This is the time of year when my garden feels full of life, as the neighborhood welcomes orientals, ruby-throated hummingbirds, and broad-winged hawks returning from their long migrations. At the Wild Bird Rehabilitation Center at the Vermont Institute of Natural Sciences, where I work, “Baby Bird Season” is also going on.
The dedicated rehabilitation team will spend the next few months, from dawn to dusk, caring for hundreds of wounded and orphaned birds, keeping them healthy and strong enough to be released back into the wild. However, rehabilitators do not have the resources to leave their current patients and go out to rescue every injured bird. They rely on the rest of us to be their “first responders,” able to watch for a potentially infected creature and bring it in for treatment if needed. Since it can be difficult to distinguish a truly injured bird from a healthy bird, we give these creatures the best chance at survival by recognizing the need for help and knowing exactly how to get it.
Almost all hungry, injured, or weak birds that are treated at the center are brought in by members of the public who find them. They may have hit windows, been hit by cars, or are simply too young to make it out of the nest on their own. Wildlife rehabilitation specialists are specialists in treating sick, injured, and orphaned wild animals so they can be returned to their natural habitats. Because all native birds—and many mammals, reptiles, and amphibians—are protected by law, wildlife rehabilitators are required to obtain permits that allow them to care for these creatures.
The most common interaction people have with wildlife is when a child appears separated from its parents. A young bird out of the nest might really be in trouble — or it might be on the verge of independence. Instead of guessing what might happen, your first step should be to seek advice. If you live in the Upper Valley, the VINS Wild Bird Rehabilitation Center is your closest rehab center. If you live elsewhere in Vermont or New Hampshire, it’s still a good idea to contact VINS, as they can provide contact information for the rehab closest to you. If you are outside of these places, your state’s Fish and Wildlife Agency should have a list of all licensed rehabilitators in your area. (Most rehabilitators are only licensed to care for certain species, which is another important reason to contact before moving an animal!)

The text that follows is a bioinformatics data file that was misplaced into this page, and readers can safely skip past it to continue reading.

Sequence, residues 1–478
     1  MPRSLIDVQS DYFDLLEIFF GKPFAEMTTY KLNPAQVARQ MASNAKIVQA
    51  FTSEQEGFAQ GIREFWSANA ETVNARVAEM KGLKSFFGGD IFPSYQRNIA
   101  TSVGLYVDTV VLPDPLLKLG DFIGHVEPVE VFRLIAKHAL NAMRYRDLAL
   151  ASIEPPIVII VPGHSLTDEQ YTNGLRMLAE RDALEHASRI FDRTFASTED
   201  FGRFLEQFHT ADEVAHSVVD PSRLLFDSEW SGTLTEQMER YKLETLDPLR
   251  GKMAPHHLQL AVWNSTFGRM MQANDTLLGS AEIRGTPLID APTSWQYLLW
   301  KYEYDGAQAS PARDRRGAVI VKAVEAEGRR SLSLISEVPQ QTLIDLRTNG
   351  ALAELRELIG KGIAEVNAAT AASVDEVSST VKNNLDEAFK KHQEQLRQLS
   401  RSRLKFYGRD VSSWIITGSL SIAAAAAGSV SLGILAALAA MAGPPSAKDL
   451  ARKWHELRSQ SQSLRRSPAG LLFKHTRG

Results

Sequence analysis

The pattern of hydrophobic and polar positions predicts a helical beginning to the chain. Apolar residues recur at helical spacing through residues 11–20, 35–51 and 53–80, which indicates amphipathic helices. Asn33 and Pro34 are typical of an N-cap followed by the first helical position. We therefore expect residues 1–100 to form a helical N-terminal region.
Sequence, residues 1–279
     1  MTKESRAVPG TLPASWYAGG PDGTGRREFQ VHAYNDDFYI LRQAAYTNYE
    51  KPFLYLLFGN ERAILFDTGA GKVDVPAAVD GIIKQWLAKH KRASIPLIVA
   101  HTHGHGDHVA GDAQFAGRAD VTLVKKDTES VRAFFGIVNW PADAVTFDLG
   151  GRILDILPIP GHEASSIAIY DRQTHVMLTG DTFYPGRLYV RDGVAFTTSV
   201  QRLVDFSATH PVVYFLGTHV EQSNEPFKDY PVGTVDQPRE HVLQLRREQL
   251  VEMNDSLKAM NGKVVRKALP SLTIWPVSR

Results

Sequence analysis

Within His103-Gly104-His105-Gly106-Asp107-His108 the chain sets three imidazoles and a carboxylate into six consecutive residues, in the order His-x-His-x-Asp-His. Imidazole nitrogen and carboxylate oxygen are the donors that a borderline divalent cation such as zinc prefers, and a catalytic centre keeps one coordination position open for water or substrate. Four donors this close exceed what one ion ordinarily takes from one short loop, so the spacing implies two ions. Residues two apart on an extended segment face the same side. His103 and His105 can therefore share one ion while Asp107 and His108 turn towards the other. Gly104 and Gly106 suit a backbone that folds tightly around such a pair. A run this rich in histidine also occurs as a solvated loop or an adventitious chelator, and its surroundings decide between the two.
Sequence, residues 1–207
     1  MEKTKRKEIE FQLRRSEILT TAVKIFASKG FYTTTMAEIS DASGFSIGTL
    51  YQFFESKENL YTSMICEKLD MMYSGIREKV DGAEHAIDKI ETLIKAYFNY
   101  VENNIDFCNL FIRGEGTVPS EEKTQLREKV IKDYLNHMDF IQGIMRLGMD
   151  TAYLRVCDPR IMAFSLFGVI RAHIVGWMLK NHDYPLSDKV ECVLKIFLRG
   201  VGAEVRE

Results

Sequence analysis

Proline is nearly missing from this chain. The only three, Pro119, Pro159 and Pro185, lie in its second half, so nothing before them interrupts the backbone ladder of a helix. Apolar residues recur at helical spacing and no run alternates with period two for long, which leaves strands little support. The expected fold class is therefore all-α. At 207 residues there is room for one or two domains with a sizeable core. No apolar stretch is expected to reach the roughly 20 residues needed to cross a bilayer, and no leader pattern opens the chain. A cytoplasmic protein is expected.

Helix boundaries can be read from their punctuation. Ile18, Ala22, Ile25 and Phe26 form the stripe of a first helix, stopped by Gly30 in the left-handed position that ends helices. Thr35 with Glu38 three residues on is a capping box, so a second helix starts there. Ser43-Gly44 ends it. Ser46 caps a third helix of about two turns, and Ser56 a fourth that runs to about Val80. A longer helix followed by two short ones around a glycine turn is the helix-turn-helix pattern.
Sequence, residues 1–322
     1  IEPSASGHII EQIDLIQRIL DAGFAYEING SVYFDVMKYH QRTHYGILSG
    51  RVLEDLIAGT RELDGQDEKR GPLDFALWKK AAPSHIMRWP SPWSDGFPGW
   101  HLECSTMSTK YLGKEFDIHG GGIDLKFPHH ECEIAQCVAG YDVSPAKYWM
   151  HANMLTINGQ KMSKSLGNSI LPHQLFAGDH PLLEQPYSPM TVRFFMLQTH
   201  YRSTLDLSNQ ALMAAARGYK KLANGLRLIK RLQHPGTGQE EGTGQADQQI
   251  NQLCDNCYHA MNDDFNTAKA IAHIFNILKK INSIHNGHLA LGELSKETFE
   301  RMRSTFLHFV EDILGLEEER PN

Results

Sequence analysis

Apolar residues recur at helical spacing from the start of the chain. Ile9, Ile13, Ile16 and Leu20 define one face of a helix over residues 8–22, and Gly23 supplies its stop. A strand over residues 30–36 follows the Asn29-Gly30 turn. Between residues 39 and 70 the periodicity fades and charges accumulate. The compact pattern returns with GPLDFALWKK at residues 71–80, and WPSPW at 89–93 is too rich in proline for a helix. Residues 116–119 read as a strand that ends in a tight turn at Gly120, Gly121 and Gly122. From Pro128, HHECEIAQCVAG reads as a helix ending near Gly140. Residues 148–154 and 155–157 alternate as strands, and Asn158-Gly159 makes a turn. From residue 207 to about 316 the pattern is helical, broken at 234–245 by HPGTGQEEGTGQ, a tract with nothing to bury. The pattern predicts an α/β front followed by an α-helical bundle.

Wildlife rehabilitators are very busy people, so you may want to leave a message. Provide as much relevant information as possible, including the type of animal you found and where you live. If you find a young bird, do you see the nest or adults of that species? Is there an injury? If the bird is bleeding, is covered in flies or other insects, or has been observed to have been caught by a cat or dog, the bird will likely need medical attention. It is up to the rehab to listen to these details and advise you on the next steps.
If you cannot get the bird to a rehabilitator right away and are advised, for example, to keep it overnight, you will need to put together a rescue kit. Bring a cardboard box with a lid and a folded soft towel at the bottom, and place the bird inside the box, which should be kept in a warm and dark place. Rehabilitation experts will likely instruct you not to give the bird any food or water.
This is to prevent further stress, as the bird may become chilled from the spill or may be too weak to handle solid food.
Finally, stay safe and wash your hands. Although there are a few diseases that birds can transmit to humans, it is always smart to protect yourself and others in your home.
There are many, many ways wild animals can get injured, and wildlife rehabilitation professionals have years of experience and many resources that allow them to provide the best possible care for wild animals. We can also make our human environments safer for wild birds in a number of ways. Making large windows safe for birds, keeping cats indoors, picking up litter, and avoiding the use of pesticides are excellent ways to help birds in your backyard — and reduce the number of birds that need rescuing.
Anna Morris is an environmental educator at the Vermont Institute of Natural Sciences. Illustration by Adelaide Murphy of Tyrol. The Outside Story is set and edited by Northern Woodlands Magazine and Sponsored by the Wellborn Ecology Fund of the New Hampshire Charity: www.nhcf.org.